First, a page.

During Hurricane Katrina, in 2005, it felt like The HSUS and other animal groups not only fought surging waters, rain, and wind, but we also had to fight some government agencies and key private agencies whose leaders just didn’t get it when it came to animal welfare. In the early stages of the response, some first responders had instructions not to take animals to safety, despite the pleadings of their caregivers. Human shelters, which filled up because of mandatory evacuation orders, excluded animals. That caused some people to refuse to leave their homes, because they wouldn’t abandon their best friends during a life-threatening crisis. The inattentiveness to the bond between animals and the people who care about them put everybody at risk, and it undermined and complicated the disaster response. It also meant that The HSUS and other animal protection groups had to mount the largest-ever pet rescue operation to find pets trapped in homes, especially in New Orleans, which would be shuttered to its residents for weeks because of the levee break and the massive flooding that followed.
A dozen years later, as we look upon the immense damage that Harvey has wrought in an area larger than the state of New Jersey – and with more than 14 trillion gallons of water swamping the region — it’s evident that there’s been a sea change in attitudes. The government and human-focused charities get it now, recognizing that for disaster response to work, they must take into account the animals and the human-animal bond. It’s the right thing to do for the animals, who shouldn’t drown or die from abandonment, thirst, or hunger. And it’s right for the people, who love their animals and consider them members of the family.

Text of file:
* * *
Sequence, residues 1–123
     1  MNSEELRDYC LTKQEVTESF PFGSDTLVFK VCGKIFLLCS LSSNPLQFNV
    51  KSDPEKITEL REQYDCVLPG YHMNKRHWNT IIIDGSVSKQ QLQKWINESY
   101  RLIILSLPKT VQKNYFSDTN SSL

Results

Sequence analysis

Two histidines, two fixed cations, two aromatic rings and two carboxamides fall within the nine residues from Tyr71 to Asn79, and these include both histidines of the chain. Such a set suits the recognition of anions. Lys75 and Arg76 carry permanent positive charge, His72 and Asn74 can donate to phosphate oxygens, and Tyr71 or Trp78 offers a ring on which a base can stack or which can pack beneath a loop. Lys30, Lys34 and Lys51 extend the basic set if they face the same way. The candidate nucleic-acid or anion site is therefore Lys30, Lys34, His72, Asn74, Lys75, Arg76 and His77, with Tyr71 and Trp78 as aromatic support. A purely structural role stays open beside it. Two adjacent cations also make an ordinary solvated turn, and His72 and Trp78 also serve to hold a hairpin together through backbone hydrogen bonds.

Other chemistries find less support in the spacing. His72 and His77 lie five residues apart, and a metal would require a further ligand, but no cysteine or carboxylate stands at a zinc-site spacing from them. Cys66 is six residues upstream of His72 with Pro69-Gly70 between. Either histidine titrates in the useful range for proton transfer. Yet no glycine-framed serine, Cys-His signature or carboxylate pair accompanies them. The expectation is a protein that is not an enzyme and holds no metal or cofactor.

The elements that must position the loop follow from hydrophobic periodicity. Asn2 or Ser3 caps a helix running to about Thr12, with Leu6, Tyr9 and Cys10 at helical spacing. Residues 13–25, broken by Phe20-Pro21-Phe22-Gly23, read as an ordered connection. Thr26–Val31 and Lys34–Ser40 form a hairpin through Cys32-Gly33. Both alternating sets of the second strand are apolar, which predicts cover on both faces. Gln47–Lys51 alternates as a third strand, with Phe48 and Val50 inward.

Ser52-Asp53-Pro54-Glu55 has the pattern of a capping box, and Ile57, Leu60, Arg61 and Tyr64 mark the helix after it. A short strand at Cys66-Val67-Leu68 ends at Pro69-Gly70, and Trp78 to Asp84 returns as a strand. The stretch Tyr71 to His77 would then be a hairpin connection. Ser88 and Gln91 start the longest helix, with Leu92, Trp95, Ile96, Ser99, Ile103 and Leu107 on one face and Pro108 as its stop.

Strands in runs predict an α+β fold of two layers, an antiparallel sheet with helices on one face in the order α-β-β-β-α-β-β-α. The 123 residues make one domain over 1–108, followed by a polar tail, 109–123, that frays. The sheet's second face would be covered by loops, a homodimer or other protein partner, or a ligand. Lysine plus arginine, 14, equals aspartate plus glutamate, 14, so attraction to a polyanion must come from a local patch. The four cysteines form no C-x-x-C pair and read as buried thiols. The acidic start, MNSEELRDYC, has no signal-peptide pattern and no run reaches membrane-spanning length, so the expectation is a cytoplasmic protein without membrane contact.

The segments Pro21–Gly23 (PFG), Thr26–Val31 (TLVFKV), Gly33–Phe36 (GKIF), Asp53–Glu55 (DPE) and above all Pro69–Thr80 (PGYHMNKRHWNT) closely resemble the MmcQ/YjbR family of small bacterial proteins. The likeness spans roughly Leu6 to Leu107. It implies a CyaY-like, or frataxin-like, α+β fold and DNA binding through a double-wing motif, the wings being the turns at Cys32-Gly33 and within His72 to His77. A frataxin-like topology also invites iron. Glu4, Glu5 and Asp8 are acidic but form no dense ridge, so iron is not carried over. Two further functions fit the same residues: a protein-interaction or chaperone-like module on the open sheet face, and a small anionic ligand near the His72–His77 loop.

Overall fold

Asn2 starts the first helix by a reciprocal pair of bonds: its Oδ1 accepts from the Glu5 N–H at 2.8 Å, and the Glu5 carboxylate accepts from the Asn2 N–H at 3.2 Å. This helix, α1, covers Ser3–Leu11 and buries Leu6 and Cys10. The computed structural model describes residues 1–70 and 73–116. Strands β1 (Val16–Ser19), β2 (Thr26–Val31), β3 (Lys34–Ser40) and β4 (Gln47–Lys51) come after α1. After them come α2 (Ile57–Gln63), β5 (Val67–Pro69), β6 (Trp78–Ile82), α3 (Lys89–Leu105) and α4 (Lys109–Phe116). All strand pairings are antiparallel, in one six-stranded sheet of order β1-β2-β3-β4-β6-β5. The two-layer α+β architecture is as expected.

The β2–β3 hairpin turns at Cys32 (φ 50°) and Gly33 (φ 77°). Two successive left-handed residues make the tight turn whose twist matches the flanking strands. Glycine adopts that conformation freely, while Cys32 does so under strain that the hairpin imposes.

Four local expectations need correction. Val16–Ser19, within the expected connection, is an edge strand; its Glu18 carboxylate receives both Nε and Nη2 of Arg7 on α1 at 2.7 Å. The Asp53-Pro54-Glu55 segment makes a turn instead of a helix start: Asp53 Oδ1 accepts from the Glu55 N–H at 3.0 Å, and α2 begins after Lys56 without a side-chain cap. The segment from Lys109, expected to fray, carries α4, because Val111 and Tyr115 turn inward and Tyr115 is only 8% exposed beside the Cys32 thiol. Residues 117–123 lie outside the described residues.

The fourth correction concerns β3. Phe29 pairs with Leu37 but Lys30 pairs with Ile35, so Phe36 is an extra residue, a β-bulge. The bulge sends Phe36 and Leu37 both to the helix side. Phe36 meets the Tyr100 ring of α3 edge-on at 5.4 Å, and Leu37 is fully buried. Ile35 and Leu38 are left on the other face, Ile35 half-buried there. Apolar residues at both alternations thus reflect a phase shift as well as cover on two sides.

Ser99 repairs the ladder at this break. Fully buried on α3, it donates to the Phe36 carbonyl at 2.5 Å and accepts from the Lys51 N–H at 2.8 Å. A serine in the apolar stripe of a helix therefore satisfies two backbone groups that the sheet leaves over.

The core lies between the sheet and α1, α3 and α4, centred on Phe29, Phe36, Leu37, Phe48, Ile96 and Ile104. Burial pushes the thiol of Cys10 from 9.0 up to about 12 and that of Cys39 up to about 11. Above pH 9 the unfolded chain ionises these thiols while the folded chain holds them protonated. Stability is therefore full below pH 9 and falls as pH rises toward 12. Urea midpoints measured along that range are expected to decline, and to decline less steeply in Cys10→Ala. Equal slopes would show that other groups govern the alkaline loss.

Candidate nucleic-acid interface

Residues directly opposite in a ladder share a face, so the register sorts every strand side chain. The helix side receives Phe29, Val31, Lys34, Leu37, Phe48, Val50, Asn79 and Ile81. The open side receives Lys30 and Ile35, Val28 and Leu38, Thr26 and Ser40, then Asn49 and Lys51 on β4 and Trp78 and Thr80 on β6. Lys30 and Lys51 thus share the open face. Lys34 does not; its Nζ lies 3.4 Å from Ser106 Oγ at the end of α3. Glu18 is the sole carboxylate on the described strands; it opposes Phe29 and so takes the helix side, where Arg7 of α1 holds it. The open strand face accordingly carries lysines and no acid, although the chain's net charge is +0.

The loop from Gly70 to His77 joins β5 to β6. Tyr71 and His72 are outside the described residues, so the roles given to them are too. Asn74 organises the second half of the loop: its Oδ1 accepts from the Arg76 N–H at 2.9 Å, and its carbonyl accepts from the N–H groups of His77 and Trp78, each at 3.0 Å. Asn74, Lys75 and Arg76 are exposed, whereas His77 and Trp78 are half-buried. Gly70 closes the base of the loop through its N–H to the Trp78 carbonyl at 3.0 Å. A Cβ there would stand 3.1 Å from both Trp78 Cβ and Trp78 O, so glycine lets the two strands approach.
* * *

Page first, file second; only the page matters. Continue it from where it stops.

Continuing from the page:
Now, as we turn on the television to get the latest images from the impacted area, we cheer for every high-water rescue. (Our team is on the ground, doing lifesaving work.) We are out to save our pets and horses, to help animal shelters and wildlife rehabilitation centers in the path of the storm, and to keep our communities whole. But we must also recognize the certainty of unseen tragedies. Drama often unfolds out of sight, and there is so much loss and suffering.
Today, our teams are doing rescue and response in Dickinson and League City, both in Galveston County. We’ve already been to Corpus Christi and Texas City.
We are also doing transport. We helped move animals from Corpus Christi in advance of the storm hitting. We are also moving animals from San Antonio, Houston, and New Orleans in order to make room in shelters for victims of the storm and its aftermath. Working with San Antonio Animal Care Services, Wings of Rescue and GreaterGood.org, we flew 53 animals to St. Hubert’s Humane Society in New Jersey yesterday. Today we are sending about the same number of animals to partners in Washington state. Later this week, we will send animals to Oregon. In the days ahead, we’ll be transporting larger numbers of animals to Oklahoma and to Virginia.
The damage estimate for Harvey is $160 billion – which would make it the costliest natural disaster in U.S. history, and equal to the combined total of Katrina and Sandy. The flooding has damaged so many homes, and that’s going to create a housing crisis for people. That means a similar crisis for animals.
All of that means we are focused both on short-term search-and-rescue needs and also on long-term needs of making the community whole again. Your generous support over the last few days has been extraordinary. We are especially grateful to the Alex & Elisabeth Lewyt Charitable Trust on Long Island, and to Doris Day and her Doris Day Animal Foundation for their generous support. If you’ve donated already, thank you. And if you can dig deeper to support this life-saving work, please donate to our Disaster Relief Fund so we can answer the call when disaster strikes, now and in the future.
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